Writ reveals Egana row details
POTENTIAL shareholders in Egana International (Holdings) do not appear to have been told of the imminent deletion of China from a licence agreement with Playboy Enterprises, a writ reveals.
Watch company Egana is at the centre of a row over the company being allowed to list in June 1993 with incomplete paper work.
Director Siegfried Adalbert Unruh, who apparently failed to complete an undertaking, resigned from the company after the listing, when it was found he had a criminal record.
Yesterday, details emerged of a writ of summons in the Supreme Court of Hong Kong between Playboy Enterprises and Egana firm Eco Swiss Haru MFR Corp.
The writ was issued last year after the Playboy licence agreement between the two companies allegedly was terminated.
Playboy alleges in the writ there was distribution of the company's brand-name products in China, a country not covered by the licence.
China was struck off the licence, according to Playboy in the writ, on June 28, 1993, just three days after the company was listed on the Hong Kong stock exchange.
The writ was issued in relation to US$339,285 of total profits in respect of unauthorised sales in China, following June 28, 1993. A date has yet to be set for a hearing of the case, expected to be contested by Egana.
At the time of the listing, no mention was made of the apparent imminent deletion of China from the licence.
Playboy, in the writ of March 4, 1994, alleges Eco Swiss Haru was informed on March 25, 1993, of a 90-day notice being given to delete China from the licence-territory.
Egana issued its listing prospectus on June 8. The issue of new shares took effect on June 25 on the listing of the shares for dealing on the Hong Kong stock exchange.
Peter Lee Ka-yue, director of Egana International, said the firm was unable to comment on any information relating to Playboy regarding apparent disagreements or threatened termination of agreements.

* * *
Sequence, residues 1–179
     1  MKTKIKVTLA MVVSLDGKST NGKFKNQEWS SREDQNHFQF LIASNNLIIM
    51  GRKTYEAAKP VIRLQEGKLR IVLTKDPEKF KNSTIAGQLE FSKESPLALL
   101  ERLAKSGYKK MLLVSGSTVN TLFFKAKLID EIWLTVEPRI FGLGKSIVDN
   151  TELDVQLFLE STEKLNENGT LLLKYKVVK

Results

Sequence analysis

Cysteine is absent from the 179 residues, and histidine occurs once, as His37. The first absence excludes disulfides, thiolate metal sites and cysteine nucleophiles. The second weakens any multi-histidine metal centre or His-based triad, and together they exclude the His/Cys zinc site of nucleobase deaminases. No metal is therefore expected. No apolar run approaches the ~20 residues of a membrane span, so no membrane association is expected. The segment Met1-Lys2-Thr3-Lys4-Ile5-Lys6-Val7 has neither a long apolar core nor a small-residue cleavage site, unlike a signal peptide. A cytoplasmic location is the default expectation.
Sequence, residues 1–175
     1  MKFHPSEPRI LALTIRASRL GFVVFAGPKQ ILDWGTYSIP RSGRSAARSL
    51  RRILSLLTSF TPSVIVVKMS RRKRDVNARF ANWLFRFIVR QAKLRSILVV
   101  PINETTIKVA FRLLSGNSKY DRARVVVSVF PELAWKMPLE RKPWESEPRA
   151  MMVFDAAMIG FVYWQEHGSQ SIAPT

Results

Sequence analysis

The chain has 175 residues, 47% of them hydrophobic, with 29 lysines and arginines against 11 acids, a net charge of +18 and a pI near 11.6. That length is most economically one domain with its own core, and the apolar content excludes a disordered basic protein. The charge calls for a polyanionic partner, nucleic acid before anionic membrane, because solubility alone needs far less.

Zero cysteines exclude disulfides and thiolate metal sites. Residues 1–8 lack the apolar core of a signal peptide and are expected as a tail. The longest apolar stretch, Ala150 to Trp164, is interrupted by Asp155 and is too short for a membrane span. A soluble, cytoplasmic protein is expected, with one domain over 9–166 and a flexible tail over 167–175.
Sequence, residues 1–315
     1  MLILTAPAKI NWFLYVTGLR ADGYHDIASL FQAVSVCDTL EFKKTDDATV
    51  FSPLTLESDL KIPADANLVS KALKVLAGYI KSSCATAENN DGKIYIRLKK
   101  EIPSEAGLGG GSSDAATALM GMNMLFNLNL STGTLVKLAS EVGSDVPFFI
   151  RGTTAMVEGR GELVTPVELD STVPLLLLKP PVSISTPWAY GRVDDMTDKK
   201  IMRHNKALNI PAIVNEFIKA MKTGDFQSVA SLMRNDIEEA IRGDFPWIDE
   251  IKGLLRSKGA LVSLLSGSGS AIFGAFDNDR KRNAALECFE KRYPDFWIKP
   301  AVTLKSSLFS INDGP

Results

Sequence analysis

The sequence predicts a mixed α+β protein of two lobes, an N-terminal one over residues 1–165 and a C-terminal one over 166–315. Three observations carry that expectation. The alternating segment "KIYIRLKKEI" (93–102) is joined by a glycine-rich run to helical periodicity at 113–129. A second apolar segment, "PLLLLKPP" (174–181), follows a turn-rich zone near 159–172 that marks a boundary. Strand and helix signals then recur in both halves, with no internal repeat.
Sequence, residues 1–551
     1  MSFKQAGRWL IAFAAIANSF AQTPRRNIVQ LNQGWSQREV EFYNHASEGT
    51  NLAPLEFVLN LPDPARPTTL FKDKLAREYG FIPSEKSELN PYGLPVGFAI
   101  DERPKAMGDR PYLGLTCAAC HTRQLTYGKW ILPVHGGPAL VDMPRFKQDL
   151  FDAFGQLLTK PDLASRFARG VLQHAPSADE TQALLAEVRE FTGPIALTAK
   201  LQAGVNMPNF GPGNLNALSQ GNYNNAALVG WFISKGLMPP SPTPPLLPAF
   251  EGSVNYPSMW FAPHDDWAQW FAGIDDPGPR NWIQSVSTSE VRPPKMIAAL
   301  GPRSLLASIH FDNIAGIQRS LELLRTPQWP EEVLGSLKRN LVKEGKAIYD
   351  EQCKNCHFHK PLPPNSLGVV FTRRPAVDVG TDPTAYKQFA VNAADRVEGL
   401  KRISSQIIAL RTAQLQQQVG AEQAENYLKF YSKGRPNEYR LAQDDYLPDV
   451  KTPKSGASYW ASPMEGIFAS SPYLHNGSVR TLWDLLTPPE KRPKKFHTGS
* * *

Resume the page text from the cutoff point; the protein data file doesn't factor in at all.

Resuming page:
Mr Lee said: 'The position at the time of our listing was that the Egana group's licence agreement with Playboy Enterprise Inc was intact and subsisting.
'At the time of the listing, we considered carefully our relationship with each of our licensors.
'The prospectus accurately reflects the relationship as it then was with each of those licensors.' In the prospectus, regular mention was made of the licence with Playboy. In an appendix, the nature of the agreement with Playboy was in line with those stated in Playboy's writ, with the exception of the details of the deletion of China.
The appendix says there was a 90-day termination period available to Playboy should the licensee fail to meet minimum requirements under the agreement.
'No countries have been deleted to date pursuant to those provisions,' said the prospectus.
Just three days after the trading debut of Egana on the Hong Kong stock exchange, China was deleted under a 90-day deletion expiry, according to the writ from Playboy.
In the writ, Playboy alleges for the licence year from March 1, 1992, to February 28, 1993, the licensee's net sales for China was less than the minimum net sales figure specified in the schedule for China for that licence year.
'By reason of the matters pleaded, the plaintiff had the right to delete China from the territory upon giving 90-days written notice.
'Pursuant to and in accordance with such right, by a letter dated March 25, 1993, sent to the defendant at its principal place of business by facsimile transmission followed by a copy sent by pre-paid certified post, the plaintiff gave to the defendant 90-days written notice to delete China from the licence/territory.
'In the premises, on or about June 28, 1993, China was deleted from the licence or ceased to be a country within the territory covered by the licence.' Egana chairman Hans-Joerg Seeberger set up Egana in 1978 in Hong Kong leading to a small original equipment manufacture operation in 1982.
The prospectus of June 8, 1993 shows the company was offering 240 million ten cent shares at $1 a share with warrants on a one-for-five basis.